For young women in the 1960s, taking to the skies and becoming a stewardess was a daring decision. The airlines boasted about how many applicants they turned away who didn’t meet strict beauty and weight requirements. “Presenting the Losers” blared a 1967 ad showcasing an assemblage of 19 good-looking but unsmiling women whom the now-defunct carrier, Eastern, said it had rejected. “If looks were everything, it wouldn’t be so tough,” the ad says. “Sure, we want her to be pretty … don’t you? … But we don’t stop there. … We don’t want a stewardess to be impatient with a question you may have, or careless in serving your dinner, or unconcerned about your needs.”

Some sexist requirements had been shed when the 1964 Civil Rights Act made gender discrimination illegal, but the airlines’ model of a cadre of young, single, beautiful women catering to mostly male business travelers resisted meaningful change until stewardesses took matters into their own hands and organized. (Nowhere does the Eastern Air Lines ad mention safety. It wasn’t until 2003 that Congress agreed that flight attendants should be safety-certified and licensed by the Federal Aviation Administration like pilots and mechanics.)

The travel writer Nell McShane Wulfhart brings a treasure trove of vintage ads and relatable anecdotes to “The Great Stewardess Rebellion: How Women Launched a Workplace Revolution at 30,000 Feet,” her narrative of how the airline industry was transformed from within. The women at the heart of this transformation were meant to stay in their jobs only a few years and were accustomed by the times to accepting blatantly unreasonable demands – such as forced retirement at age 32 – in exchange for an adventure they could not find anywhere else. Though the job promised glamour and independence, there were also demeaning “girdle checks” (girdles were mandatory), draconian weight limits and a minimum height requirement arrived at by an airline executive who brought in women of various sizes and had them reach up to the overhead compartment while he sat and watched. “He decided when he was seeing too much leg, and when he wasn’t, and so the minimum height requirement was born,” Wulfhart writes.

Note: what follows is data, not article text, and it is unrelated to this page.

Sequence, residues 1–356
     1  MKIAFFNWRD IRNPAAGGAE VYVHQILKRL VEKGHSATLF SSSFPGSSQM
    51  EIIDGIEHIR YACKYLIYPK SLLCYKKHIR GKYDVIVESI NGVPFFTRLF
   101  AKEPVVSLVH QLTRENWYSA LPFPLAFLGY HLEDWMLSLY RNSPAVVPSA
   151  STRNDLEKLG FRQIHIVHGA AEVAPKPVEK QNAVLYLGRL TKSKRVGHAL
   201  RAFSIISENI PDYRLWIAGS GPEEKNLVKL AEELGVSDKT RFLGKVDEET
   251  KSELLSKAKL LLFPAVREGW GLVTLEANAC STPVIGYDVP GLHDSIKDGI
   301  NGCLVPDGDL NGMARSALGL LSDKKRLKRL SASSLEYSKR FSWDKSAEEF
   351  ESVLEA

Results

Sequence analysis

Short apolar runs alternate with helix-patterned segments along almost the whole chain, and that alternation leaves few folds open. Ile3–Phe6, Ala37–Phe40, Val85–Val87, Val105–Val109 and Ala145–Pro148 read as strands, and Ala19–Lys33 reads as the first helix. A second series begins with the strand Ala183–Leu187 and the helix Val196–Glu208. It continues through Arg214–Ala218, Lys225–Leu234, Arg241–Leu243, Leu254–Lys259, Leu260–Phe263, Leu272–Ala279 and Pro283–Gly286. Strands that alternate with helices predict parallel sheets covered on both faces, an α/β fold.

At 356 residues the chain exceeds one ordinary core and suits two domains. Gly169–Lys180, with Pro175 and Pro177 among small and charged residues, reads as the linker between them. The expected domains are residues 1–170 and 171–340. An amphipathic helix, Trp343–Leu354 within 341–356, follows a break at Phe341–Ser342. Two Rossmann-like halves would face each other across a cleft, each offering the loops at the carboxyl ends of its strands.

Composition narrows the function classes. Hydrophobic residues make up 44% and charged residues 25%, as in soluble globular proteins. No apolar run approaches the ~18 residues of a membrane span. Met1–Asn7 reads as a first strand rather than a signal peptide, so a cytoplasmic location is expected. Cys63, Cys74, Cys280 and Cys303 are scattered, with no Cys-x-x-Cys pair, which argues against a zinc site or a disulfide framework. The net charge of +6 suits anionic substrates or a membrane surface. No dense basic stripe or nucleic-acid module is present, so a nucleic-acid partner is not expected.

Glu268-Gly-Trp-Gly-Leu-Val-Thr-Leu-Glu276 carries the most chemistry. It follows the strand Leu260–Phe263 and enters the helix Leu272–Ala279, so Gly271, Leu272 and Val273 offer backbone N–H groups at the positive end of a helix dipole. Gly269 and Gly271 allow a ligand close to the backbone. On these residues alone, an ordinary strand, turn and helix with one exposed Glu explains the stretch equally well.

Today, the term “stewardess” has been retired and the once female-only job opened to men. “Flight attendants” have taken their place as beleaguered front-line professionals in an increasingly unruly workplace 30,000 feet in the air.

The process of changing young stewardesses into union activists was a lengthy one, full of setbacks and false starts. An initial attempt, a support organization called Stewardesses for Women’s Rights, or SFWR, was short-lived, but it got the public’s attention when Harry Reasoner, an ABC news anchor, applauded SFWR’s goal of safety certification, saying: “I don’t want a sex object in a narrow aisle. But I don’t want a surly union member either. I want someone youthful and illusory who looks like she thought flying was fun even if she knows more about emergency evacuation of airplanes than I’d like to think about.” About stewardesses in general, he added, “They should be there for a few years and then, like the clouds outside windows, be replaced with soft and fluffy new ones.”

The SFWR blasted Reasoner, saying his statement was just as ridiculous as suggesting that he should step aside “to make room for the younger, more attractive and virile looking men in your industry.” Reasoner retracted his statement.